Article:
According to the finance ministry, Japan’s national debt topped the ¥1,000 trillion mark in Q2 for the first time ever. The government’s debt burden reached a record ¥1,008.6tn as of June 30, underscoring the urgent need for the prime minister to push ahead with a scheduled consumption tax increase which (it is hoped) will help the fiscal accounts. The planned levy on expenditure is due to be raised to 8% in April 2014, up from the existing 5% tax rate, before rising again to 10% in October 2015. The final decision, however, has been deferred until after the revised Q2 GDP release in September, which would help to gauge whether the economy can withstand such a tax hike. According to preliminary estimates (released on our survey date), GDP eased to +0.6% (q-o-q) in Q2, down from the previous quarter’s 0.9% expansion, while on a y-o-y basis GDP improved to 0.9% from Q1’s 0.1% rise. Private consumption was the main driver of growth, though, climbing by 0.8% (q-o-q). Our panel predicts that the consumption tax rise will rein in consumer spending next year.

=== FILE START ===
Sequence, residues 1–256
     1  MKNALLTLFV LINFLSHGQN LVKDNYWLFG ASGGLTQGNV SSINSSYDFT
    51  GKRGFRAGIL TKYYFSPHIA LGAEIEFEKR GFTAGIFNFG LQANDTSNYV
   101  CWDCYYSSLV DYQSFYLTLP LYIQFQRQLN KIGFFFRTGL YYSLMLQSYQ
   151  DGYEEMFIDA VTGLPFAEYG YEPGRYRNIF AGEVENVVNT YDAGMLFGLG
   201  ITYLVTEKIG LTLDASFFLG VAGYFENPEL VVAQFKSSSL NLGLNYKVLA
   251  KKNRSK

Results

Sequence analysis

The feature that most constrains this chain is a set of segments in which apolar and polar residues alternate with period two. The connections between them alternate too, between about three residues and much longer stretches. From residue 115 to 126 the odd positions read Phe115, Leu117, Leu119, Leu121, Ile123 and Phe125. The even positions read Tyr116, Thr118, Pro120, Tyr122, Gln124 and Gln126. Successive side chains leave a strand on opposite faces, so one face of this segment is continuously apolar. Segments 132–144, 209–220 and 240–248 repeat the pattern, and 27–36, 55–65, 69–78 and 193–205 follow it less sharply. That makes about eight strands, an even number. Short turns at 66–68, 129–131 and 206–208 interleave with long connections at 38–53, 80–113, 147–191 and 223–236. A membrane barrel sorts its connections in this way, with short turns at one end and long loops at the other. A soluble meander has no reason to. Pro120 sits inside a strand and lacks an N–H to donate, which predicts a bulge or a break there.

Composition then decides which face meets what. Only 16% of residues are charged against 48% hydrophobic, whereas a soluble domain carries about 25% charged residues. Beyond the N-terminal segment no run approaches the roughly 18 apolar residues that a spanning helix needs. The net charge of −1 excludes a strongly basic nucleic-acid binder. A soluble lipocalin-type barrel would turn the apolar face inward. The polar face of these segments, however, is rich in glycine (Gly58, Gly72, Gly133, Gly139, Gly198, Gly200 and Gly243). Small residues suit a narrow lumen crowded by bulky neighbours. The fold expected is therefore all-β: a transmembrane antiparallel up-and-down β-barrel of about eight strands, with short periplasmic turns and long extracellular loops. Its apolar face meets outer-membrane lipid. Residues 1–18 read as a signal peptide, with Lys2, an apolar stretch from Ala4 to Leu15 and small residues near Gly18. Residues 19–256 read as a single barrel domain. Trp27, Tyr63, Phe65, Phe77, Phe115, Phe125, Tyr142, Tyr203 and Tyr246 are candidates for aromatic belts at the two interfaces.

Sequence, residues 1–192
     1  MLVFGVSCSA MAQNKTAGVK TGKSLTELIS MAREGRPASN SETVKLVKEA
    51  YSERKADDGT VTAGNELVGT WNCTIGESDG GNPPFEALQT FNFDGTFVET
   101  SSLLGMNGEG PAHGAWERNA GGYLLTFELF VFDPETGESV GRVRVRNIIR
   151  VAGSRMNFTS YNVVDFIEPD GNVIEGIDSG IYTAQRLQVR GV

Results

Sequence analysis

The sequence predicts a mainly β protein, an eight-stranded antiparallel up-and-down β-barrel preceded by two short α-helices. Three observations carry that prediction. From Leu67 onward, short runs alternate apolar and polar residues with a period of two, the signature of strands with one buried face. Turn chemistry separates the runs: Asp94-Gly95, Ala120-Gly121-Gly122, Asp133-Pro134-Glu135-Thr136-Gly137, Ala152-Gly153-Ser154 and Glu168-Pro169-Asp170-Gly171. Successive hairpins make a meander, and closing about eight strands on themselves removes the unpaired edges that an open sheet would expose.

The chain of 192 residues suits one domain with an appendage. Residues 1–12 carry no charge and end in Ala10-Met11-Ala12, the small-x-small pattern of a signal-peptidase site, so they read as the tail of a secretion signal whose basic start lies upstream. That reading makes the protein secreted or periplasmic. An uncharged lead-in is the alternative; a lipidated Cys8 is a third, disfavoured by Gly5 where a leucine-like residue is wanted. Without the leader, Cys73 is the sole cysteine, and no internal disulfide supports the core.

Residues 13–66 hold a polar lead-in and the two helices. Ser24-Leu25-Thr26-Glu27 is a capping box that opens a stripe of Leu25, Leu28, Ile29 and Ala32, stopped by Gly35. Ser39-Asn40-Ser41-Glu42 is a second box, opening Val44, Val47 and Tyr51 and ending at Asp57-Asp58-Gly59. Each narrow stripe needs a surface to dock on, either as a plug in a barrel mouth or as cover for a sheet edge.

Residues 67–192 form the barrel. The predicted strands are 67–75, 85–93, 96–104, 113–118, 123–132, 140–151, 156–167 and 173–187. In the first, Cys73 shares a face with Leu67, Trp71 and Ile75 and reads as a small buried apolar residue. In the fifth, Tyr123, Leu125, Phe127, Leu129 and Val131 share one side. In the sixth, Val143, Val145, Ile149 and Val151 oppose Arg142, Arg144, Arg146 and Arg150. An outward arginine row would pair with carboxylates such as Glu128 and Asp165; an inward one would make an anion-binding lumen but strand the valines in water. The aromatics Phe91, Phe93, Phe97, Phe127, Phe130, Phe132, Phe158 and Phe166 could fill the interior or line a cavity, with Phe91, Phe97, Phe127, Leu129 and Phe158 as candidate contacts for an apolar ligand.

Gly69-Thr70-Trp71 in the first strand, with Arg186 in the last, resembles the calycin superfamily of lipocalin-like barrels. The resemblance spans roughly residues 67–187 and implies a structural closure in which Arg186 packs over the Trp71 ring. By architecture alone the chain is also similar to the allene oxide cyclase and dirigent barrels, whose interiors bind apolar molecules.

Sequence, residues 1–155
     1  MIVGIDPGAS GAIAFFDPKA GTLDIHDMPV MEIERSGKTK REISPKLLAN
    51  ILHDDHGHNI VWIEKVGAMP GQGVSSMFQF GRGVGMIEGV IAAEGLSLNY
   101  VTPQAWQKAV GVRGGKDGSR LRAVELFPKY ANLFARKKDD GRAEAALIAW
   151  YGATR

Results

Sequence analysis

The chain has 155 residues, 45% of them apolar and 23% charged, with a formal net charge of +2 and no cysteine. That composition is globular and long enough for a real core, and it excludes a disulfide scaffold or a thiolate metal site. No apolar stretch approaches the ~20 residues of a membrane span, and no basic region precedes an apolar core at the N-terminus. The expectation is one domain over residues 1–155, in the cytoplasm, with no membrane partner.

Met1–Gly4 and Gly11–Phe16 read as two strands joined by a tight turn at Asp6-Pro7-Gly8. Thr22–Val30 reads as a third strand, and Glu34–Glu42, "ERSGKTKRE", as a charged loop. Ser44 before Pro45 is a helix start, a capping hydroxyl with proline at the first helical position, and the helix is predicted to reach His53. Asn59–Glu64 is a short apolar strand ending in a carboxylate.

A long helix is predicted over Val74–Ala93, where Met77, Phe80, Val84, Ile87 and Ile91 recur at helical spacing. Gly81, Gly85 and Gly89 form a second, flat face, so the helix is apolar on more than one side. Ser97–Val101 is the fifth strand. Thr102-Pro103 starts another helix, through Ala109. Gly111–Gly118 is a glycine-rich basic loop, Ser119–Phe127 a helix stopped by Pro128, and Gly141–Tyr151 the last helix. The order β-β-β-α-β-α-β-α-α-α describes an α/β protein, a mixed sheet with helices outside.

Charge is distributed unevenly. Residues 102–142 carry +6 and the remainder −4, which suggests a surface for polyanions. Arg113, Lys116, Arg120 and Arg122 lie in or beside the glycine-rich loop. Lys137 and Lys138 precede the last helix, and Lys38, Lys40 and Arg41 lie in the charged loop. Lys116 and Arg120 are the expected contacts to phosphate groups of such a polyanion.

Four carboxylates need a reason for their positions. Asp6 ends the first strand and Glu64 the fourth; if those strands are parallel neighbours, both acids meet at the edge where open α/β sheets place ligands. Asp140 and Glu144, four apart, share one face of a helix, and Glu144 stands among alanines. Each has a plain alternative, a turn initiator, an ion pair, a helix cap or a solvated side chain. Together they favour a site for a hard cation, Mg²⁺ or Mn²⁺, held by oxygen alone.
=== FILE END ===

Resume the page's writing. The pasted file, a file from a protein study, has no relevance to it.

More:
Latest monthly data, released before the preliminary Q2 GDP estimate, provided a mixed bag of news. On the disappointing side, June industrial production dipped for the first time in five months, while the manufacturing purchasing manager’s index for July eased to a four-month low. The former plunged by 3.3% (m-o-m) in June, while the latter fell to 50.7 in July from 52.3 in the previous month, although this was still above the expansionary threshold. On a more promising note, unemployment fell below 4% for the first time since 2008 and inflation rose by 0.4% (y-o-y) in June, marking its highest annual pace in nearly five years.
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